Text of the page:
Elementary and secondary schools constitute the workplace for nearly one-fifth of the United States' population. The workplace, particularly the schoolsite, provides an ideal setting for health promotion programs. Fitness facilities, food service personnel, nurse and counseling staff, and health and physical education staff are built-in advantages. Benefits of health promotion programs to school staff include increased energy levels, elevated productivity, improved morale, decreased absenteeism, and reduced burnout. An in-house, volunteer team approach following the public health model and American School Health Association recommendations is used most commonly.[1,4,5] In most cases, schoolsite health promotion teams of faculty and staff develop programs to address employee health education and promotion. More than half of all states conduct schoolsite health promotion training conferences to support school district teams in creating their programs.
The health status of school employees mirrors that of the American public. One of every six teachers has high blood pressure, one of every two is obese, and one of every 10 has a substance abuse problem. Teachers also struggle with mental health concerns. Increased class size, increased classroom violence, drug abuse, and high stress are huge contributors to school staff's poor health and burnout.
Schoolsite health promotion, a key aspect of a comprehensive school health program, can help address these concerns. In Missouri, a 1990 report from the state's Coordinating Council for Health Education defined comprehensive school health programs and recommended that Missouri initiate such programs. Responding to that report, state-level health and education agencies met to develop a strategic plan to demonstrate commitment to institutionalizing comprehensive school health programs. The Missouri Coalition for Comprehensive School Health, a non-funded voluntary organization, was formed to advocate for high quality comprehensive school health programs and to focus on all of the eight components, including faculty and staff health promotion.
Despite its proven benefits and the inception of comprehensive school health programs in the state, many school districts still do not offer schoolsite health promotion for faculty and staff. This survey assessed Missouri school district superintendents' perceptions of schoolsite health promotion in the state using a telephone survey method. The superintendent, concerned with coordination of district programs, is responsible for decision-making at the institutional level, pertaining to activities of the entire school system. The following questions were addressed by the study:
1) What schoolsite health promotion programs currently are offered for Missouri school districts' faculty and staff?
2) Of those school districts offering schoolsite health promotion programs, what is the quality of programs as perceived by superintendents?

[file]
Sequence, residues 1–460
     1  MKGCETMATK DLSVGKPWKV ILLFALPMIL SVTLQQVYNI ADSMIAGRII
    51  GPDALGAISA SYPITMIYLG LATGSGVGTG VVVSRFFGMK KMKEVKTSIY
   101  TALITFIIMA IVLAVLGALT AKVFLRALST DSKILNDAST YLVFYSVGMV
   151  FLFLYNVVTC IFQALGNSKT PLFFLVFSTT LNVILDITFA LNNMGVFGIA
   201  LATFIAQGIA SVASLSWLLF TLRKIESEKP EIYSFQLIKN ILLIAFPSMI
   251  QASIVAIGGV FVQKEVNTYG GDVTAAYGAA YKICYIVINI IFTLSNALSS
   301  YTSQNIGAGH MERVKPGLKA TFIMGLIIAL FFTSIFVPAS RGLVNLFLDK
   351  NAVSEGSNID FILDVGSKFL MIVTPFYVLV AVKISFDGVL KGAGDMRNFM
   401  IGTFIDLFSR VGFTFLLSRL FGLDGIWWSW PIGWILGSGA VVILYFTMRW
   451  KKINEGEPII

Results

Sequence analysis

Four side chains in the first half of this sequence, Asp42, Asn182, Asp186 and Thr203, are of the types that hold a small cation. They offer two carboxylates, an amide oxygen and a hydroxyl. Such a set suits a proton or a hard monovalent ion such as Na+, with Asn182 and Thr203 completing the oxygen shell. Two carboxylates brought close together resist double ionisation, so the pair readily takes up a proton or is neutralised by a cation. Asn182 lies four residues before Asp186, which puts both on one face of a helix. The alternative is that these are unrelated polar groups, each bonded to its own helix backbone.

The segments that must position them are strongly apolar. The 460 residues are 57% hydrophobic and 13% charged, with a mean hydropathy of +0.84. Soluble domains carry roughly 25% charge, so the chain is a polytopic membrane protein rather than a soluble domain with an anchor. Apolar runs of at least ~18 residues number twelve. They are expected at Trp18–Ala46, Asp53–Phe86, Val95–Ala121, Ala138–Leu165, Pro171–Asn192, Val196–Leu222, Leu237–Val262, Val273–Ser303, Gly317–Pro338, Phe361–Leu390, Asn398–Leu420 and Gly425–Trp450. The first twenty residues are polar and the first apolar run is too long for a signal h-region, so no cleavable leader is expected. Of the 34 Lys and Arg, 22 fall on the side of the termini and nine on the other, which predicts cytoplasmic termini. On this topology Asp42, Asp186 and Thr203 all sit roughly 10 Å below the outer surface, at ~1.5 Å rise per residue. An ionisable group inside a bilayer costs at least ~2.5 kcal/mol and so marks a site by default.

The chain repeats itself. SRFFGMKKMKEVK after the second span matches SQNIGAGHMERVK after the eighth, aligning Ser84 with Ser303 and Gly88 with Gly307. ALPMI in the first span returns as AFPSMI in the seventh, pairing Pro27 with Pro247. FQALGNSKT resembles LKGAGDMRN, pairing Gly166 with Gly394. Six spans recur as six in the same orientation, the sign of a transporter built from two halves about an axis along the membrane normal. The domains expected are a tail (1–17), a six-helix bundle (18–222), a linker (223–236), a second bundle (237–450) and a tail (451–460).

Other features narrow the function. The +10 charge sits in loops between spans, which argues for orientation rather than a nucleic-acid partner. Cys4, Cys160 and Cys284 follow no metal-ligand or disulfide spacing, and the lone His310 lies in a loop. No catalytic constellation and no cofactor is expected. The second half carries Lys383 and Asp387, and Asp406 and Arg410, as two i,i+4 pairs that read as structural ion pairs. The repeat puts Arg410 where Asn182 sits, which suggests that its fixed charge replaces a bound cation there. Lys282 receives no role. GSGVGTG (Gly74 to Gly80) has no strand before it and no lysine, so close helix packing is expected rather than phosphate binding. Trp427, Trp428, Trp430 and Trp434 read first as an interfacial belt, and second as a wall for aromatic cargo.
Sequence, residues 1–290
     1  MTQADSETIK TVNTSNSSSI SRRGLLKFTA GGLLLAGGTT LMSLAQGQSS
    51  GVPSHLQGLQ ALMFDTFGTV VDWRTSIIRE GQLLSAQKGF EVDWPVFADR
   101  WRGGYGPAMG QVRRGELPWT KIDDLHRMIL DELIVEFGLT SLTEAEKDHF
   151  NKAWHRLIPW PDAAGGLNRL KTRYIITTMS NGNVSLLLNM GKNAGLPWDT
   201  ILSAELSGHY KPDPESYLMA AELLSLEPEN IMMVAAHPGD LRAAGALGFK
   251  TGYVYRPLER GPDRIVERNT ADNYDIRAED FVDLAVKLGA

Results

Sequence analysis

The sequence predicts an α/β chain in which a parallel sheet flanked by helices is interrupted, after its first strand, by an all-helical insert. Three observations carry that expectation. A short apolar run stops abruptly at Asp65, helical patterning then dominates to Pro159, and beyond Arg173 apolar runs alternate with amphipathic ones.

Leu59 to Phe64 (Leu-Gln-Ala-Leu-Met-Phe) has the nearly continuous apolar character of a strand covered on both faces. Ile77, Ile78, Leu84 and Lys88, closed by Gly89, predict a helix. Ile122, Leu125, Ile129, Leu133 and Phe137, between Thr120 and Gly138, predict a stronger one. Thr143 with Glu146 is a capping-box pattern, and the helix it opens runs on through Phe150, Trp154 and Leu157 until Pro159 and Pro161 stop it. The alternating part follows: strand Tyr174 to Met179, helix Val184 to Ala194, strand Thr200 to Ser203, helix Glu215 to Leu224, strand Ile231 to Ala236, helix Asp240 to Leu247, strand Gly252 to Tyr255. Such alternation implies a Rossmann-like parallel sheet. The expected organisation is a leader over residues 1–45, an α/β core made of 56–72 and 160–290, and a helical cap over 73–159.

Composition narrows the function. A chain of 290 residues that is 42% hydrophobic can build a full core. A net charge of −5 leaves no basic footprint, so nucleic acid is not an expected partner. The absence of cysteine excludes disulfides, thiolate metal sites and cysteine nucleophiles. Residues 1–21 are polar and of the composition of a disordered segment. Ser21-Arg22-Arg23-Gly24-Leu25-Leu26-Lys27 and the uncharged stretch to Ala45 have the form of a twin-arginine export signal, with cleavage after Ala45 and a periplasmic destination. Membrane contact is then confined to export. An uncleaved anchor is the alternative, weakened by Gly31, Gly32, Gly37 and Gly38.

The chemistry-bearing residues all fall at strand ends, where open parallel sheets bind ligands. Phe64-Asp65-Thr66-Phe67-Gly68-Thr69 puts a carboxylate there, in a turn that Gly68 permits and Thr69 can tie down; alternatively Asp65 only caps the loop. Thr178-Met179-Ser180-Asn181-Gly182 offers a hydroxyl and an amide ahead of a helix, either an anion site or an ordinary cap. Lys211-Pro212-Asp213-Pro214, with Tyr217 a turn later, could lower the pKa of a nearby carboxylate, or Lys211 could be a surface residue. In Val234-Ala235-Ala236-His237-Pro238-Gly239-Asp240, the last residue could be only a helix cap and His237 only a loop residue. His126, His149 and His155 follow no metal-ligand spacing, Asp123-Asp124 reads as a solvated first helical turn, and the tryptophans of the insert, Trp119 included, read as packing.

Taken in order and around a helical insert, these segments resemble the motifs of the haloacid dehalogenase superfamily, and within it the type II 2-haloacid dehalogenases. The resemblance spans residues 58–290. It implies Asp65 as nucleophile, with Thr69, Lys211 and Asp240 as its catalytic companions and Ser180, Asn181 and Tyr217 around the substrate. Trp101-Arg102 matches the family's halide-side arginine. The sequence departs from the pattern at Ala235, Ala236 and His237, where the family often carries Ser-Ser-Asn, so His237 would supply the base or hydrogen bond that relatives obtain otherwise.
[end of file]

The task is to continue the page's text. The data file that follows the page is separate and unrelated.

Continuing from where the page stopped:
3) For school districts not offering schoolsite health promotion programs, what is the necessity as perceived by superintendents?
4) Does a difference exist in superintendents' quality ratings for school districts offering schoolsite health promotion programs by school size, location, accreditation classification, and assessed valuation of the school district?
5) How does the number of schoolsite health promotion programs offered as perceived by superintendents differ by accreditation classification, location, assessed valuation, and school size?
School district superintendents were selected randomly from the 1995-1996 Missouri School Directory. A proportional stratified random sampling method was used. School districts were divided into strata according to accreditation classification (AAA or AA) for better representation. AAA districts were fully accredited, meeting state standards at the highest level. AA districts were accredited provisionally, meeting state standards but not at the highest level. The sample size was 150 superintendents, selected from a total of 522, with 65 AAA and 85 AA superintendents all participating in the survey.
School district superintendents were pre-contacted by means of a letter one month in advance requesting their participation in the telephone survey. Superintendents were contacted by telephone and asked a series of 26 questions regarding their current "district-wide" schoolsite health promotion programs.
The Worksite Health Promotion for Faculty and Staff section of the Eight-Component Assessment based on the Healthy People 2000 Objectives was used as the data-gathering instrument. Since it measured more than one construct, no reliability was reported. This American School Health Association instrument contained 26 questions to evaluate how adequately a district's school health programs contribute to attaining the Healthy People 2000 initiative for Worksite Health Promotion for Faculty and Staff. The items were categorized into nine areas including physical …